Carlo Ongchangco’s art is whimsical but not frivolous. His works borrow from the visual language of children’s book illustration, graphic design, cartoon and Japanese pop art. He uses subdued colours that create a wistful, nostalgic mood for the caricature subjects that populate his works. His characters are almost always children with rounded faces, with eyes that are uneven – one is often inconspicuously small while the other is grotesquely big. The emphasis made with the big eye hint at a mystery, and a discovery waiting to be made.
These subjects are often engaged in an introspective journey, whether they are on the road in some sort of quest, or with one or both eyes shut, in a state of dreaming. His works often rely on the fantasy created by an imaginary scene that lends humour and lightness to his works, but at the same time, like fairy tales and other stories from our collective past, have ontological depth and engage the viewer in a narrative wanting to be unravelled, a memory on the verge of being remembered or an insight silently springing. With titles like “Blessings Come to Those Who Give” and “Come Rest in Me” Carlo’s seemingly simple works are coloured by his faith and draw observers to thought and reflection. Carlo’s art straddles High and Low art, with the same ease as it recognizes the sacred in the most unassuming circumstances.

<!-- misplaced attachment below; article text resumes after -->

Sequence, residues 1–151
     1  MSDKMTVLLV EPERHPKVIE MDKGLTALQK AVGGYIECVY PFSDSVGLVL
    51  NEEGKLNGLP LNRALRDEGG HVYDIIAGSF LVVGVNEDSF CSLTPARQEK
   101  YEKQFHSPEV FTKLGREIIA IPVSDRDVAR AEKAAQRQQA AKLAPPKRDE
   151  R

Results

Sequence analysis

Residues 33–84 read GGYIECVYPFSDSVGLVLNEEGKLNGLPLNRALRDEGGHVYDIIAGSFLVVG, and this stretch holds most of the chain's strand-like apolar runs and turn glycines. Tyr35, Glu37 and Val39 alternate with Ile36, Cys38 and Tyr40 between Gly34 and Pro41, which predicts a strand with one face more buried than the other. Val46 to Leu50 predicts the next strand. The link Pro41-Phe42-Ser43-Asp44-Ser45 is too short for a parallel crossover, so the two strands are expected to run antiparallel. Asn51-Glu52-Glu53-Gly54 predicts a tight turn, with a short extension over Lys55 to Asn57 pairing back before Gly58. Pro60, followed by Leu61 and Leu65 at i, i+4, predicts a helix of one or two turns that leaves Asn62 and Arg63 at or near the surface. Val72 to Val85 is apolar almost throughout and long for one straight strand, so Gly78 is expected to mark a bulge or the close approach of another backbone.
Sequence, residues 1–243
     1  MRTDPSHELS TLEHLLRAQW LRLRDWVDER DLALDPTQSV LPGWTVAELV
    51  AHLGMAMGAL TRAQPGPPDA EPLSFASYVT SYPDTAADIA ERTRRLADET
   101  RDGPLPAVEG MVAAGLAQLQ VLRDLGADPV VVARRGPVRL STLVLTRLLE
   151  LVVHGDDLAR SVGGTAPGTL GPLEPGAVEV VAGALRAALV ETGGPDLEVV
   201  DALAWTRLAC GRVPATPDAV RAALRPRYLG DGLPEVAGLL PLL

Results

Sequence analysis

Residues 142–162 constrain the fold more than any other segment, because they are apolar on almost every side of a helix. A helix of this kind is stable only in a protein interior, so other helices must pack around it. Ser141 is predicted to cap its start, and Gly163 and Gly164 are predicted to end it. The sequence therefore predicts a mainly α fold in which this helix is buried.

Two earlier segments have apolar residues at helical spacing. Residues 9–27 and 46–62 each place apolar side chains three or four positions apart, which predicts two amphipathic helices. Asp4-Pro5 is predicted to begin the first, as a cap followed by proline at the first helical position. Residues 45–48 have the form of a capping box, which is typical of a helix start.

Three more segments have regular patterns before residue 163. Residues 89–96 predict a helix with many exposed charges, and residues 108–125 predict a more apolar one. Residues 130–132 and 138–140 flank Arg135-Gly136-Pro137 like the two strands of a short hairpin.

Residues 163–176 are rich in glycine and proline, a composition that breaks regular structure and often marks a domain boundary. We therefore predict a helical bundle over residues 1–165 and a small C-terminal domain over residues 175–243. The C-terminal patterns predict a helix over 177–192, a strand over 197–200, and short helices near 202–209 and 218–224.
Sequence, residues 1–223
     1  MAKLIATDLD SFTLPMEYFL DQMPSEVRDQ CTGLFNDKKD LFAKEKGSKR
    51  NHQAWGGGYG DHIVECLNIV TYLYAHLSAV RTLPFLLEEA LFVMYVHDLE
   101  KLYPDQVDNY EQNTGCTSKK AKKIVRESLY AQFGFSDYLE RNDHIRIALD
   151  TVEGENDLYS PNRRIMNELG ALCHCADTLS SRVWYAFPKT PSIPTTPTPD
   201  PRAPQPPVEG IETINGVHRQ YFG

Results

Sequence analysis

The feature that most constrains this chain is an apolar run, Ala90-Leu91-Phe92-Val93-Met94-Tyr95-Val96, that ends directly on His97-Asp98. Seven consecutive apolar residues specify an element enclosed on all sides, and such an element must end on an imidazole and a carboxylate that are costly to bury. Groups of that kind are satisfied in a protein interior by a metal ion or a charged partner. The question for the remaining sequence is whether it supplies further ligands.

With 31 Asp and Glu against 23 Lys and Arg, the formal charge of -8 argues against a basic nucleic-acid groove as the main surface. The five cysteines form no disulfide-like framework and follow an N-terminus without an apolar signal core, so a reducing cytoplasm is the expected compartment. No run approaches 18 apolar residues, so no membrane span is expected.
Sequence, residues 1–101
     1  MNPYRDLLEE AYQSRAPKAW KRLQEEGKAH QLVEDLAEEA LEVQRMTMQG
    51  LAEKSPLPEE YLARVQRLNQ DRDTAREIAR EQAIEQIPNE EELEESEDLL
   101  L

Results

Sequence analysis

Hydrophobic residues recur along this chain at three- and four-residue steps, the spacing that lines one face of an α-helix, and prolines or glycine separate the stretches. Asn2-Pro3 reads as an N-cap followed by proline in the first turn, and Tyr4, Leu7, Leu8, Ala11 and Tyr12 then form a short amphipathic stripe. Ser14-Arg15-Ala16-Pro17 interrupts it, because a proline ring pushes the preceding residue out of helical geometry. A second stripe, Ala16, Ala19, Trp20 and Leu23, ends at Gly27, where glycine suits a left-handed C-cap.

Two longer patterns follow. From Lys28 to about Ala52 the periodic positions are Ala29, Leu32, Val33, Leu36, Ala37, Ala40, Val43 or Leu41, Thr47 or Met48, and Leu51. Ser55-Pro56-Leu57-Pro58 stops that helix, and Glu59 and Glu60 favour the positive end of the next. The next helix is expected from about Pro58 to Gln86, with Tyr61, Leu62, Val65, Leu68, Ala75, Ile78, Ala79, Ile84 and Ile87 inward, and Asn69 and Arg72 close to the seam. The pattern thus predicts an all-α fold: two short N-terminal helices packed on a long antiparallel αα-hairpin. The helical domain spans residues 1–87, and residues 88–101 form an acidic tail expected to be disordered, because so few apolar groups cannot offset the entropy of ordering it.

Educated in the University of Santo Tomas, Philippines with a Bachelor of Arts degree in Interior Design, this multifaceted artist consistently defies being boxed into a specific category. Carlo is currently the Creative Director of Red Fish, an art apparel label he established early this year that creates its own graphic shirts, an active photographer, and a designer. From 2007 to 2010, Carlo was also co-owner and Creative Director of White Box Studio, a gallery that catered to upstarts, which made its reputation for presenting edgy art. Despite being actively engaged in all these, Carlo manages to consistently present beautiful works as a professional painter.
With over twenty group exhibits and seven solo exhibits, the first of which was in Macau, and the latest of which was here in Singapore, this cosmopolitan artist maintains the loyal following from a particular niche of collectors. Carlo is a member of the prestigious Saturday Group of the Philippine Artists Guild, the oldest art collective in the the Philippines that has produced several National Artists for the Visual Arts including HR Ocampo, Cesar Legaspi and BenCab, who have been given recognition for their contribution to the trajectory of the Philippine visual arts. In the Saturday Group, Carlo has found a venue for expression and the collegial atmosphere to explore his craft. It was also through the Saturday group that Carlo found the friendship of four other artists who, together with Carlo, comprise the art collective Quinta.